‘Every Shopper Will Be a Seller’: Tradesy Founder Tracy DiNunzio Talks Vestiaire Collective Merger

Keerthi Vedantam

Keerthi Vedantam is a bioscience reporter at dot.LA. She cut her teeth covering everything from cloud computing to 5G in San Francisco and Seattle. Before she covered tech, Keerthi reported on tribal lands and congressional policy in Washington, D.C. Connect with her on Twitter, Clubhouse (@keerthivedantam) or Signal at 408-470-0776.

Tradesy
Image courtesy of Tradesy

When Tracy DiNunzio had the idea to build a secondhand high-end apparel company, she bootstrapped the business by renting out her bedroom on Airbnb and sleeping on her living room couch.

It worked. Over the past decade, Tradesy—the Los Angeles-based, peer-to-peer secondhand clothing platform that DiNunzio built—gained 7 million members and hauled more than $145 million in venture capital funding. DiNunzio reclaimed her bedroom. And last week, the company announced it would be acquired by Paris-based Vestiaire Collective, another peer-to-peer luxury clothing marketplace.


“There are a lot of companies in fashion resale, but we're not really competing with each other so much as trying to change consumer behavior and compete with retail,” DiNunzio told dot.LA.

Tradesy

Image courtesy of Tradesy

Together, Tradesy and Vestiaire Collective boast 23 million customers and a catalog of some 5 million fashion items valued at more than $1 billion. The U.S. has quickly become Vestiaire Collective’s largest market, and the company is using the Tradesy merger to lay new roots in the States—with plans for a new authentication center as well as a technology hub, both located in Los Angeles. DiNunzio will serve as CEO of the combined company’s U.S. operations. (Financial terms of the deal were not disclosed.)

The acquisition feels logical given the parallels between the two companies. Both were launched in 2009 by women entrepreneurs. (Vestiaire Collective was founded by Fanny Moizant and Sophie Hersan; Moizant will serve as president of the combined company, while Vestiaire Collective chief executive Maximilian Bittner will remain CEO.). Both sought to compete in a market then dominated by eBay and brick-and-mortar consignment shops, which paid sellers a fraction of the profits they were making. And both adopted a peer-to-peer model by which users can sell and buy luxury goods through their websites.

The secondhand clothing market is expected to grow to $64 billion by 2028, according to CB Insights, driven in part by similar companies like Poshmark, The RealReal, Mercari and FarFetch. These companies are seeing rapid growth, and Tradesy and Vestiaire Collective are far from the only ones consolidating: ecommerce marketplace Etsy acquired secondhand apparel platform Depop for more than $1.6 billion last year.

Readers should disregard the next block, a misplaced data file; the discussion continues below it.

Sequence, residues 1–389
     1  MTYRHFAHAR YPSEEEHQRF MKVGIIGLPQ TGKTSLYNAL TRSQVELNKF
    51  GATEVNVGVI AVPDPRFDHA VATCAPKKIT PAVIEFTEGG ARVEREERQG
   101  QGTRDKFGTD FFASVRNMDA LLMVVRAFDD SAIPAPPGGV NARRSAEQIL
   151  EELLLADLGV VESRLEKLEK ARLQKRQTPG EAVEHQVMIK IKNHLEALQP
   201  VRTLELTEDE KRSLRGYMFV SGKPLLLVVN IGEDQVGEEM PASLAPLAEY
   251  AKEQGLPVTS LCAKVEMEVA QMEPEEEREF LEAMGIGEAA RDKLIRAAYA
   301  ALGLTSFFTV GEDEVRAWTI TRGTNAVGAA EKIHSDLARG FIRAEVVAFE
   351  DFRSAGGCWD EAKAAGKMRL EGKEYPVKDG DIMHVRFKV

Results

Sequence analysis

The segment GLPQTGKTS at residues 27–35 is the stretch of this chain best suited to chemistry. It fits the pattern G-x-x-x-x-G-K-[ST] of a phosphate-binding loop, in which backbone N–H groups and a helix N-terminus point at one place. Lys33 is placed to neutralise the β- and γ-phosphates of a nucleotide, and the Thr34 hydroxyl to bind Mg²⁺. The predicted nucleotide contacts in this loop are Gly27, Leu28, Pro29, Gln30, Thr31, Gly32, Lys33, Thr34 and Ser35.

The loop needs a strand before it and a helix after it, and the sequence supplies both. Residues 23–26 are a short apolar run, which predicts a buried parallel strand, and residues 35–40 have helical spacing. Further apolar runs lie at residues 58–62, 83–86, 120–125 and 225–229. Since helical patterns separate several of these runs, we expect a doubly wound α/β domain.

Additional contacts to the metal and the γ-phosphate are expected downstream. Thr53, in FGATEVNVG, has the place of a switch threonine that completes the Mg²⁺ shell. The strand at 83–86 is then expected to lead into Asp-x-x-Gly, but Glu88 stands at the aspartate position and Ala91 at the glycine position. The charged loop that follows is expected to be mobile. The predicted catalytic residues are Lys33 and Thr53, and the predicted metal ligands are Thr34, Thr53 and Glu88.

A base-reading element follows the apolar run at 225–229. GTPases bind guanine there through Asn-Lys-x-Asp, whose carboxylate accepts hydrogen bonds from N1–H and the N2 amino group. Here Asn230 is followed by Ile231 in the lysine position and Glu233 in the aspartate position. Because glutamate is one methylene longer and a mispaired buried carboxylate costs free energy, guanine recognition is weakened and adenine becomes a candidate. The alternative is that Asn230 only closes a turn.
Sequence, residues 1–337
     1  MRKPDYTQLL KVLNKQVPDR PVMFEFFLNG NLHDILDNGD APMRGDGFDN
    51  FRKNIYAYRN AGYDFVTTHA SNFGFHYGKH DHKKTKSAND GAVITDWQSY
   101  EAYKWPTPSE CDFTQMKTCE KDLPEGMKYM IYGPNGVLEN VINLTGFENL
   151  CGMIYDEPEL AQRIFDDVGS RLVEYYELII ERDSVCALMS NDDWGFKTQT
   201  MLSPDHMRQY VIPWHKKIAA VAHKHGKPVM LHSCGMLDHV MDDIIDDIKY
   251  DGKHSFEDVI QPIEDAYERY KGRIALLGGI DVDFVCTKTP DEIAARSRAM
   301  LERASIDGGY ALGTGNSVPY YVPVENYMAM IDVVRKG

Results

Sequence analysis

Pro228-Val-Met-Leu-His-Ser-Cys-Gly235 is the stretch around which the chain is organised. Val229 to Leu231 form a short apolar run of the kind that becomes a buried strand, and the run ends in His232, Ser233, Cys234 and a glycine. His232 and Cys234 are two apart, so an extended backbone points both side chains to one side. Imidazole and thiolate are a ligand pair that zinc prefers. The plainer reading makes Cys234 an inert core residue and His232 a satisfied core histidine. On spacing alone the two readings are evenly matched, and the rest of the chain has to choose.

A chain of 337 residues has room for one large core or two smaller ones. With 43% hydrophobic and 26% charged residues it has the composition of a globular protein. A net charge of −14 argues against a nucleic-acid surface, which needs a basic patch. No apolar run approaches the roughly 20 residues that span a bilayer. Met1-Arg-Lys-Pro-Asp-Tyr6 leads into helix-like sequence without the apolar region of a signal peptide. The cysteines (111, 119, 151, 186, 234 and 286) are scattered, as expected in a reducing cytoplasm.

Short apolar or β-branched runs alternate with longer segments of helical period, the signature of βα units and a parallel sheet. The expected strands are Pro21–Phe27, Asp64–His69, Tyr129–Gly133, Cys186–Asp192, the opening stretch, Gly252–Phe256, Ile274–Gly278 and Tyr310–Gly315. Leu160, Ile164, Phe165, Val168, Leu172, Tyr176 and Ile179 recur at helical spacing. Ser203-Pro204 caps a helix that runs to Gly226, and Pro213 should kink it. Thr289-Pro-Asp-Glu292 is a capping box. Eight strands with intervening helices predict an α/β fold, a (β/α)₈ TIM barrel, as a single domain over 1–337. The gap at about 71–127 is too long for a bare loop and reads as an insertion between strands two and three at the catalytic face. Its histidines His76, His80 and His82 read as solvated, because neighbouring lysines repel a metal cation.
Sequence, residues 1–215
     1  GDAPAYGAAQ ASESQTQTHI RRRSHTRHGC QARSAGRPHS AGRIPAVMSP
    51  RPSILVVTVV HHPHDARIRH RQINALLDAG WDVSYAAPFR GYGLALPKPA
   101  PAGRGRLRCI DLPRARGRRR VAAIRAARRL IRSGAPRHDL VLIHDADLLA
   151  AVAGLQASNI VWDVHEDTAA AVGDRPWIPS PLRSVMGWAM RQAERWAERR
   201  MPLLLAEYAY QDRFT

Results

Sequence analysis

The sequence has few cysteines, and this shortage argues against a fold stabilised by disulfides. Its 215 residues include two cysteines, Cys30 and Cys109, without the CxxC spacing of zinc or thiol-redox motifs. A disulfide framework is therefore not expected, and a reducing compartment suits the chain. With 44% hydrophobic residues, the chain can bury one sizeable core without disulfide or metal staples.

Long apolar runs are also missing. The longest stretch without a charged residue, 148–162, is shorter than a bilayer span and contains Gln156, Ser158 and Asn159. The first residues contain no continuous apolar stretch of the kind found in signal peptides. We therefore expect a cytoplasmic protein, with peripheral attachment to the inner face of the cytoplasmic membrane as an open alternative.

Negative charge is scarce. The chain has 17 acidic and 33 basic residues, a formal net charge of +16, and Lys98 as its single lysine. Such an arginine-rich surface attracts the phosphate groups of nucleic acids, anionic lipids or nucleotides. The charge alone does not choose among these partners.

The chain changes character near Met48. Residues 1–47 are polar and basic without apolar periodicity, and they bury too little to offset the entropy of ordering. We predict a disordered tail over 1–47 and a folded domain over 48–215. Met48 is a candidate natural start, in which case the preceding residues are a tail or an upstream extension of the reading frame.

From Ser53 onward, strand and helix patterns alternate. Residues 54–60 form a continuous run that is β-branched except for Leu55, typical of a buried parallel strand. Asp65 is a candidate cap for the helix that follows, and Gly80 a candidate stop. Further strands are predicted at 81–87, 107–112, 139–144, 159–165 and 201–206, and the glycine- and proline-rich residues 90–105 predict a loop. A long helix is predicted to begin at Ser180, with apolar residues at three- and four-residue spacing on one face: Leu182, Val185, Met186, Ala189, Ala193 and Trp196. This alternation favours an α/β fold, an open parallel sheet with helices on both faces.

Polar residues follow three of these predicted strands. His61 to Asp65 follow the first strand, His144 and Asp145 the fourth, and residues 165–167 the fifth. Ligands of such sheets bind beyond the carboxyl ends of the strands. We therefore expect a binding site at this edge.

But resale apps like Tradesy still have a long way to go before eclipsing retail. Buying secondhand clothing online is a less consistent experience than buying from a retailer, as even the most devoted of eBay shoppers will attest. The lack of quality control, along with unpredictable shipping and unscrupulous scammers, can make for an inconsistent experience.

On the sellers’ end, uploading photos, writing descriptions and pricing out items can quickly become a full-time job. When buyers complain about purchases—whether their claim is legitimate or not—it will usually result in a refund directly out of the seller’s wallet.

“Every shopper will be a seller in the future, but it has to be easy and it has to be seamless,” DiNunzio said. “The reason that every single person isn't selling every single thing they're no longer wearing today is because it's not easy enough yet.

As middlemen, both Vestiaire Collective and Tradesy need to be able to organize millions of unique items that are described and priced in different ways—a task as logistically challenging as it sounds. In response, the company plans to automate parts of the authentication process through its L.A. technology hub, which will complement the new authentication center in the city (Vestiaire Collective’s second authentication center in the U.S. and fifth globally).

Much like startups Rent The Runway and L.A.-based Rent-a-Romper (both of which focus on short-term apparel rentals), Tradesy and Vestiaire are part of a growing number of fashion platforms invested in the “circular economy.” The concept is rooted in offsetting the damage that “fast fashion” has had on the environment by focusing on resale, repairs and rentals.